But not only has Macbeth been persuaded to kill Duncan, but his innocence gets mocked as Lady Macbeth states “A little water clears us of this deed” (Lady Macbeth, Act II, scene ii).
Macbeth is therefore unable to make use of the “better” imagination with which he was endowed and instead only appears “firm, self-controlled and practical” when he is “hateful” (136). He never forgets his crimes, and he is anything but a common man; he is complex, as conflicted as A. Shakespeare plumbs the depths of human nature, of man’s innate desires, and procures a disturbing reality.
A product of these clashing sides, Macbeth’s murder of Duncan is borne of his inability to properly acknowledge the conclusions drawn by his imagination. Macbeth is not a simple character, but the same can be said for anyone; no one is as plain as he or she may seem.
As with all great works of literature, William Shakespeare’s Macbeth has spawned countless essays concerning its interpretation.
Two such essays, “Shakespearean Tragedy” and “General Macbeth,” produced by two eminent literary critics, A. Bradley and Mary Mc Carthy, find themselves in conflict.
The waste of Macbeth’s innocence although unintentional to him, is what begins the waste concept.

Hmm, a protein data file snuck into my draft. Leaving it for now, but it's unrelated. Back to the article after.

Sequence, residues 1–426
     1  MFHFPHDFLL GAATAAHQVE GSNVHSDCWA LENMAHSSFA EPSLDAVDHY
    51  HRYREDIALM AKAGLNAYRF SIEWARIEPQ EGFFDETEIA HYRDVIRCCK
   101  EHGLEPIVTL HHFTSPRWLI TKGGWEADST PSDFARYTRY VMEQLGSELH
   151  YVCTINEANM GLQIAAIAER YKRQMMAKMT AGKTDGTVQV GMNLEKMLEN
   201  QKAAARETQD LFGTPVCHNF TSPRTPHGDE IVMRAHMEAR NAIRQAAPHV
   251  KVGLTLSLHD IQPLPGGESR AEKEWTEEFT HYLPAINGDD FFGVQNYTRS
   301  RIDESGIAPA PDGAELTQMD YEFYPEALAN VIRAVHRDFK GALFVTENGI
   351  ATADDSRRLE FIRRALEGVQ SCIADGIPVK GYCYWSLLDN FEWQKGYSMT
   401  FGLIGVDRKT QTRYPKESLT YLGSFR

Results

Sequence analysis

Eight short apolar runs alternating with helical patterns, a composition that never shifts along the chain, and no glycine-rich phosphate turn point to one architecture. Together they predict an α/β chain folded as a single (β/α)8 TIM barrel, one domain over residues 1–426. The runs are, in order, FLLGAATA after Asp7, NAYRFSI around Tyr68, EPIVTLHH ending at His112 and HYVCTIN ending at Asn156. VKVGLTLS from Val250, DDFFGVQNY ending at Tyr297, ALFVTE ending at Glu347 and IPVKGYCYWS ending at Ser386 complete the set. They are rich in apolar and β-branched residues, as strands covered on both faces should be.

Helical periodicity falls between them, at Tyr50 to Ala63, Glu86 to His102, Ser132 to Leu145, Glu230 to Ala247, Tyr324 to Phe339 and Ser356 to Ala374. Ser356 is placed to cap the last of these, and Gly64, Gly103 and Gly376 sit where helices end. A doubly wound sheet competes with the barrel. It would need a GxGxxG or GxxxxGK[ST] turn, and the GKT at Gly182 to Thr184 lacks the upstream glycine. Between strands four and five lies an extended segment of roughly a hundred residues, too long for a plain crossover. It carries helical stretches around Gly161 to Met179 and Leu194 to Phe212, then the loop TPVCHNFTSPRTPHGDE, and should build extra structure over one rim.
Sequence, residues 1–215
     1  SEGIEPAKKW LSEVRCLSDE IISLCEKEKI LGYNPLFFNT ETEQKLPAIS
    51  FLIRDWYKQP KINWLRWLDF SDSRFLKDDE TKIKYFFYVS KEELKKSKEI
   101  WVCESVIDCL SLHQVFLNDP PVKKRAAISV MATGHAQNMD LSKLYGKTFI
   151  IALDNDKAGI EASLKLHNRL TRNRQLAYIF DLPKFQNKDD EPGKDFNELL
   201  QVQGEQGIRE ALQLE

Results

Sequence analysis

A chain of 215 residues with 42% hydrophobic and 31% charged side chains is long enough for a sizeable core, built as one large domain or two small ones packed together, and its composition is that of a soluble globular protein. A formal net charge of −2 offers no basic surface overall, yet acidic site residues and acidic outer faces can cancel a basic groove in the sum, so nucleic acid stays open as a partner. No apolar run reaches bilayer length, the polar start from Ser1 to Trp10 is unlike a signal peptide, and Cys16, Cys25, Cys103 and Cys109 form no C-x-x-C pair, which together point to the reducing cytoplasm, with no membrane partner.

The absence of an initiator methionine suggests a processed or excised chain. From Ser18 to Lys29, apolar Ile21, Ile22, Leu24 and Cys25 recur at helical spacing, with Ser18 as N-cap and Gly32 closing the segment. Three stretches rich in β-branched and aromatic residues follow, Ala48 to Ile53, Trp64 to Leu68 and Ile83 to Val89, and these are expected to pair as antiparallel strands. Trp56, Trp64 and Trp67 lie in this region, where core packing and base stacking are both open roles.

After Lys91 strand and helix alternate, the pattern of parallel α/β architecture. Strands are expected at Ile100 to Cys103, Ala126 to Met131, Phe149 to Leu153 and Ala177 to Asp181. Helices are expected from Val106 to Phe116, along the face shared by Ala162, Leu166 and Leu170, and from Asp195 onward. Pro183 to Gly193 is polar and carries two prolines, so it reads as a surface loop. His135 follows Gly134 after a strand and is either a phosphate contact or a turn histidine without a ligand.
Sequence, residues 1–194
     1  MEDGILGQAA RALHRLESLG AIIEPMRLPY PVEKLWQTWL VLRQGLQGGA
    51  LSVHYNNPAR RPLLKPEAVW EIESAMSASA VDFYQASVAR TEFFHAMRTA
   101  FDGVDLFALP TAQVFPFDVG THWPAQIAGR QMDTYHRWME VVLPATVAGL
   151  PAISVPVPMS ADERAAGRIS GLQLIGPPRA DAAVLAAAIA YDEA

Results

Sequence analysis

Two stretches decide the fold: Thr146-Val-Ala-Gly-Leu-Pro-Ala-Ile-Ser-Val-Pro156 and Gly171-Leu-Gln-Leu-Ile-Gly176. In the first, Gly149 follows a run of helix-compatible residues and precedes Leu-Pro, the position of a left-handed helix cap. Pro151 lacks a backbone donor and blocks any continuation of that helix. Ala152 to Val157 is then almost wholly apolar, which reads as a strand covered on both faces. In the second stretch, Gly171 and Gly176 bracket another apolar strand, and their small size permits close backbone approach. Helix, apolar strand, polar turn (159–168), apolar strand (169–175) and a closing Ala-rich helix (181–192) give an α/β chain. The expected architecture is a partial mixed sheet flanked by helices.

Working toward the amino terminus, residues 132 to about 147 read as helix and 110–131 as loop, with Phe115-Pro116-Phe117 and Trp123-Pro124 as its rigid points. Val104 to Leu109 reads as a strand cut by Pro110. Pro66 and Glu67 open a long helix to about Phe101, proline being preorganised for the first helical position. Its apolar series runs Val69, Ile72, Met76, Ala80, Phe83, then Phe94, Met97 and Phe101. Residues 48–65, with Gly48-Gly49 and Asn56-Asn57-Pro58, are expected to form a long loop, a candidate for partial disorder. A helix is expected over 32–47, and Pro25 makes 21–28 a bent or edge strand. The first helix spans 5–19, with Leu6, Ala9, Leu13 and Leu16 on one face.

The potential someone has is based on their character and their actions and how they incorporate the two into life situations.“I dare do all that may become a man; who dares do more, is none.” (Macbeth, Act I, scene vii) The evidence shows that his innocence has allowed his wife to make him question his manliness and therefore his morals.As such, the fate of Macbeth is, in the end, the fate of any man.Waste in Macbeth Throughout the play Macbeth, characters change and so do their relationships with other characters.Macbeth is portrayed as a tragic hero, someone who has it all at first but decides to give it all up. Bradley, the central feeling of a tragedy is one of waste.Throughout the story the waste of potential, the waste of life and finally the waste of innocence are just some of the types of wastes that can be found, but they are enough to prove the theory. It can be argued that Macbeth’s waste of his own innocence was not intentional, but forced upon by his wife, yet he ends up going through with the deed of killing Duncan.Yet both Macbeth’s actions and character seem to be weak and immoral.The waste of potential becomes evident as Macbeth turns from a hero into a tragic hero, and starts to take lives as if they are worthless.Curry does not say where he thinks Shakespeare may have come across the idea, but both Theobald's editorial commentary and Curry's explanation suggest that the playwright became aware of "germens" in about 1604, and that the idea captivated him enough for him to allude to it in three plays over the course of two or three years.(2) Curry's point is just one of many that suggest the persuasiveness of taking religion seriously as religion in Macbeth, on the argument that the play was shaped by prevailing assumptions of one sort or another.